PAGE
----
'Breathtaking' solar eclipse witnessed by millions
Millions of people in the UK and northern Europe have glimpsed the best solar eclipse in years.
A great swathe of the Earth's surface was plunged into darkness as the Moon came between us and the Sun.
From an aeroplane above the Faroe Islands, a BBC camera crew captured startling footage of the event reaching totality at 09:41 GMT.
The deep shadow formed first in the North Atlantic and then swept up into the Arctic, ending at the North Pole.
People keen to catch a glimpse of the rare phenomenon were advised not to look directly at it.
Looking directly at the Sun can cause serious harm, and skywatchers were directed to the multiple ways to catch an eclipse safely and in comfort.
In all parts of the UK, the eclipse reached at least 83%, with the darkness peaking at about 09:35 GMT. The precise timing and degree of the eclipse varied with location.
For the Shetland Islands, the eclipse was at its height at 09:43 GMT and was very near total, with 97% of the Sun's disc obscured by the Moon.
For those caught under cloudy skies, the internet was a good option to see the eclipse.
Scientific agencies had planes and even satellites gathering video to relay on the web and on television.
In the UK, the weather turned out to be slightly better than anticipated, with clouds breaking in many places at just the right time. London and the South East, on the other hand, just saw their grey day get slightly gloomier.
Experiencing a genuine total eclipse required a trip north of the British Isles - such as the flight taken by a BBC camera crew and Stargazing Live's Liz Bonnin, above the clouds in the Faroes.
"We have a pretty spectacular view," Bonnin said. "This is extraordinary."
That footage revealed interesting features of the eclipse, including a clear view of "Baily's beads". These are the sparkles of light seen at the very edge of the Moon, where its rugged landscape allows the last rays of sunlight to peak through before full obscuration.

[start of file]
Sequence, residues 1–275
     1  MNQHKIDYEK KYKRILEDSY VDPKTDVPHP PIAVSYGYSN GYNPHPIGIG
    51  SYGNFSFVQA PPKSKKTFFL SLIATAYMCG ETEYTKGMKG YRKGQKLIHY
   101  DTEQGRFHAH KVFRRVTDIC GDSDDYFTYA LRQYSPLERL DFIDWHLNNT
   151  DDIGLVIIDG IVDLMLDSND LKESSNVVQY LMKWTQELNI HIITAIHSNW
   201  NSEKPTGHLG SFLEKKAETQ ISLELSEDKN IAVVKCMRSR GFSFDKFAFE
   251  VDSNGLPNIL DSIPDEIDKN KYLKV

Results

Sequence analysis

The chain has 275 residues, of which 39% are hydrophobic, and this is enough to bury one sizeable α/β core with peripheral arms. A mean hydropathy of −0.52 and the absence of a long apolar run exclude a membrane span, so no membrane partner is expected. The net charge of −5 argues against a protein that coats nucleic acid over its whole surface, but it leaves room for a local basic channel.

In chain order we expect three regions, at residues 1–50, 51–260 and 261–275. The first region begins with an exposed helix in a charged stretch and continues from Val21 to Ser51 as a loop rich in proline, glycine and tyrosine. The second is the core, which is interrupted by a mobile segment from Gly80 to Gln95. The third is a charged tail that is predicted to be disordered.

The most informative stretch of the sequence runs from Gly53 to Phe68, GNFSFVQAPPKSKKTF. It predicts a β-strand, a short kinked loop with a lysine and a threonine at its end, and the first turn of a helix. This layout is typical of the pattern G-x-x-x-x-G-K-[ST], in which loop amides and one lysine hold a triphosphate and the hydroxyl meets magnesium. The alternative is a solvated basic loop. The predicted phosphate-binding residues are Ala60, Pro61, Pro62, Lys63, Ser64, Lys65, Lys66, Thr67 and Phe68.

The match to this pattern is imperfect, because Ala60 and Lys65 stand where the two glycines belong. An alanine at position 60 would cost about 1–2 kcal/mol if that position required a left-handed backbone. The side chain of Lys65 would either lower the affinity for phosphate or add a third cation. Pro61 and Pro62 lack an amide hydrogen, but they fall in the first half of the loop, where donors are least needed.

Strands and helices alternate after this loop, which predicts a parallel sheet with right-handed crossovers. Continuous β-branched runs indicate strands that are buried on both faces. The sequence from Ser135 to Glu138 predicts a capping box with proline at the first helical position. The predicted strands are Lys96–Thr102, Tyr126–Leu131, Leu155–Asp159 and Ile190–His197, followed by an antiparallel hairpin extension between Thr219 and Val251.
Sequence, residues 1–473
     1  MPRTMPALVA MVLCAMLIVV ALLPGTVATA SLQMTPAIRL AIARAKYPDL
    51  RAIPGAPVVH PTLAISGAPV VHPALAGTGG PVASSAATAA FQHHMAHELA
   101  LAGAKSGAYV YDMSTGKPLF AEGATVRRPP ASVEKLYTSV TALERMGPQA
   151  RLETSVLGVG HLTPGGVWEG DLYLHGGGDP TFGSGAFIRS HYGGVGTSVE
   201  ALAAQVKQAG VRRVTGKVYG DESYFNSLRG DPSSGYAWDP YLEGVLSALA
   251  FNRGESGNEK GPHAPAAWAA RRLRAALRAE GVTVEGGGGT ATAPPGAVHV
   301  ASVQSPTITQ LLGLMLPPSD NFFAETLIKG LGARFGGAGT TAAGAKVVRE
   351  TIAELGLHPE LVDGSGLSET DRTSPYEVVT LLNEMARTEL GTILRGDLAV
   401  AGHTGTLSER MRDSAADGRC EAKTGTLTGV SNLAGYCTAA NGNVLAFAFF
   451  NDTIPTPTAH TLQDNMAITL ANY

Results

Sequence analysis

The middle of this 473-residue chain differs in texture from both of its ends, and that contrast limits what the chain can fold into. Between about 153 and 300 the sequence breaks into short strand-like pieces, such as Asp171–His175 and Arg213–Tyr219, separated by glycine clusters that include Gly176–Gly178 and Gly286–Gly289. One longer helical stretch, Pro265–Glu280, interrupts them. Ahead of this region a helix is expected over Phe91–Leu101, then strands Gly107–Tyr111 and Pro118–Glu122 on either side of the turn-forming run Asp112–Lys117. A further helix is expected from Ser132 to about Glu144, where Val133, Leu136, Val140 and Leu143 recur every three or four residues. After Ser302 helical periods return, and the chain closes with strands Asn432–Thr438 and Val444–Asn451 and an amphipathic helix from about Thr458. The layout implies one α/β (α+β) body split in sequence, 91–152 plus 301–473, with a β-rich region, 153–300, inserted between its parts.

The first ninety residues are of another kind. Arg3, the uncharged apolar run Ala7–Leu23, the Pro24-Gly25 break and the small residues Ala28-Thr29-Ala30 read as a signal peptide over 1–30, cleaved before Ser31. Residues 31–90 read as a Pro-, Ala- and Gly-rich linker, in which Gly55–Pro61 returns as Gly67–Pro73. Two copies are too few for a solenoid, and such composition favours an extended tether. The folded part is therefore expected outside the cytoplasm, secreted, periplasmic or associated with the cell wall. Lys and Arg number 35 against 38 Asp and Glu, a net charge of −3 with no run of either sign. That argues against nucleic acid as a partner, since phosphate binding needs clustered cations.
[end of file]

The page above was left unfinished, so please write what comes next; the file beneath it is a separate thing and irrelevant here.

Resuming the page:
Few land areas were directly in the path of the Moon's deepest shadow - its so-called umbra - and seabirds probably had some of the most dramatic eclipse experiences.
The period of greatest darkness - nearly three minutes - occurred over a spot in the Norwegian Sea, a little below the Arctic Circle, at 09:46 GMT.
Many professional and amateur astronomers positioned themselves in the Faroe Islands, where the capital city of Torshavn got totality for a full two minutes, beginning just before 09:41 GMT.
And those who could not book a flight or a hotel for the Faroes went to Svalbard, where the capital city of Longyearbyen witnessed two and a half minutes of totality, starting shortly after 10:10 GMT.
Shifting the wind
Scientists sought help from citizens with their research - even those in cloudy areas.
A University of Reading team ran an experiment to learn more about how the atmosphere behaves as the Moon's shadow runs over the Earth.
The team hoped the observations could help them improve future weather forecasting capability.
Study leader Prof Giles Harrison said: "Early analysis of the data shows some wonderful results, thanks to some excellent observations by our army of citizen scientists.
"Along with a rapid drop in temperature, there seems to have been a reduction of cloud cover around central England, parting the clouds momentarily for some viewers.
"We will be analysing the results in more detail over the next few weeks to see if we can discover any other effects."
Next year will have a total solar eclipse, too.
That will occur on 9 March, and will cross Sumatra, Borneo, Sulawesi, and extend out over the Pacific.
The UK will not experience a solar eclipse on this scale again until 2026.